Professor of Economics, Rollins College. During the summer of 2002 Rock visited Poland to interview people in several cities about the development of social services during the transition from communism. Among them were regional heads of CARITAS, which is affiliated with the Catholic Church and carries out the vast majority of aid to the needy given by nongovernmental groups in Poland today. They were interested in setting up a program whereby US students could come to Poland and work with them and especially with youth-at-risk in their areas. He also talked to people working in the National Association of Local Governments about social services at the local levels. The faculty members of the Public Adminstration program at the Jagellonian University in Krakow were enthusiastic about the possibility of future student exchanges. They will help by giving lectures to any group Rock brings in the future.
In his Economics of Nonprofits (and Social Welfare) class, Rock will be incorporating a section on transition countries and social services using the information on Poland as a case study. He will also use Polish examples in his Political Economy of Media class in the section on international and comparative media systems.
Associate Professor of Russian, University of Richmond. Dr. Troncale spent the summer of 2001 laying the groundwork for his 2001-02 sabbatical, which helped him prepare for a new course on the history of Russian painting. The work has included establishing a firm scholarly base for teaching a survey of Russian painting from the 10th to the 21st centuries, developing co-curricular activities to involve the students and the Richmond community in the course, and the editing a scholarly article for publication.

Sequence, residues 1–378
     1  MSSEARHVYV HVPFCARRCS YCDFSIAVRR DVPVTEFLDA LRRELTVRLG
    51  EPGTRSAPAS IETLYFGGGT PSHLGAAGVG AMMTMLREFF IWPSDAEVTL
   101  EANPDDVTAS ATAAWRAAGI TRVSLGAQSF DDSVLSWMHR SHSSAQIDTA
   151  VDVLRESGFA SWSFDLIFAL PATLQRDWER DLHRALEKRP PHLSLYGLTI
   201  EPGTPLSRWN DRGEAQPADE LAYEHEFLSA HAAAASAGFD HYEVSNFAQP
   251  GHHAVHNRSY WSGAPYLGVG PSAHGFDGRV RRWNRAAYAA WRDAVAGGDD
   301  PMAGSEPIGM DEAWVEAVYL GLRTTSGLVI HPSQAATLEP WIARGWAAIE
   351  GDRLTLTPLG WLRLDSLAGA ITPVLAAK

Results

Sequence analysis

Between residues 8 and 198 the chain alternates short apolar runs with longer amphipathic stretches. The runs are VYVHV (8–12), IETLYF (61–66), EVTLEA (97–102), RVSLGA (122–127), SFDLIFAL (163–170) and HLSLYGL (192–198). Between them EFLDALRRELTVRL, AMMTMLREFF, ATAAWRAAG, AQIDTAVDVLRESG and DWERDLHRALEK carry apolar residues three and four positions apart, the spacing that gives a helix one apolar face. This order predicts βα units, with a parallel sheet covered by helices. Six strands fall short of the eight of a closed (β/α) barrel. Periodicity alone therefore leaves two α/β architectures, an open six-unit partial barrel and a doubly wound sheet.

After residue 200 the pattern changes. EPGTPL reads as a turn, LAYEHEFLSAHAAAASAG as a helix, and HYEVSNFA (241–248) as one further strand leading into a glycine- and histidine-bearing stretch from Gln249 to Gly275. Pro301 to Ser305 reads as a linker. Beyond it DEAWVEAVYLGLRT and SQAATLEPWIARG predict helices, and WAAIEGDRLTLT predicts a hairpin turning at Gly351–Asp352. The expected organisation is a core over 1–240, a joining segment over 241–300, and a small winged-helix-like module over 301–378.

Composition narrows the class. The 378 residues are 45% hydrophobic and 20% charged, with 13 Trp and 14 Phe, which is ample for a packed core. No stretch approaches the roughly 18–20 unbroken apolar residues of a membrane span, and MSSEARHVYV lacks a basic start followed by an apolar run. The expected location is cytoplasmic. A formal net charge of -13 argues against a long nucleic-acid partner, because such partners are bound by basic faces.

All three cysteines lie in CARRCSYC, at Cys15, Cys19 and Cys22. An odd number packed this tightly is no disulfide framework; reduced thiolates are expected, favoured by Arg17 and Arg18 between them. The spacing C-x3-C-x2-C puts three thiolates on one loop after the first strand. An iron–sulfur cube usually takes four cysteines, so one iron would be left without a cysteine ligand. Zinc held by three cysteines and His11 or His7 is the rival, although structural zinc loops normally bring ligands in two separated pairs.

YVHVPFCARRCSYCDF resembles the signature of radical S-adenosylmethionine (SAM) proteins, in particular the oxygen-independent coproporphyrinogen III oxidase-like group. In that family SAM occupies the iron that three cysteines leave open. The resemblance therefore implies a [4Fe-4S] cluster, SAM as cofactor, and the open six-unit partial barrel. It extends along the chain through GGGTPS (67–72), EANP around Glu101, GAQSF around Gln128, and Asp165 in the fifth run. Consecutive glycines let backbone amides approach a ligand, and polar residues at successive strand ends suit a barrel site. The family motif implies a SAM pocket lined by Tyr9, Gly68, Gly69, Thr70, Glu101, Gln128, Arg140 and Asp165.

During the sabbatical year Troncale was engaged in an intensive study of Russian painting to synthesize his experience of Russian culture in other forms and to create an even broader, richer, and more deeply informed perspective from which to approach his study of Russia altogether. To forge the necessary scholarly base in Russian painting he has used a combination of scholarly texts and albums, CD-ROMs, lengthy study sessions in Moscow's State Tretiakovsky Gallery and Petersburg's State Russian Museum, and innumerable consultations with scholars in St. Petersburg. Since the materials available on Russian painting in the states and in the West, in general, are woefully inadequate, all of the materials for the course are from Russian sources.
Troncale was also the guest curator of the exhibition "Pushkin Ten: Recent Paintings from St. Petersburg, Russia," a complement to the painting course. It offers the students a hands-on opportunity to examine works from the last eleven years of the new Russia in the company of the works themselves. Working with the artists and with the Museum of Nonconformist Art he selected forty-one paintings to show in the University of Richmond's Marsh Gallery in October 2001. The exhibition will be in the states for two full years. A special feature of the exhibition is a concert by Yury Shevchuk and the Russian band DDT, one of Russia's most popular rock bands.
Finally, Troncale began to study drawing last summer with Professor Nicholas Sichyov in St. Petersburg, and published an article, "The True Water of the Universe: A Sense of the Source of Being in the Work of Evgeny Orlov," in the new Russian journal Art and Times.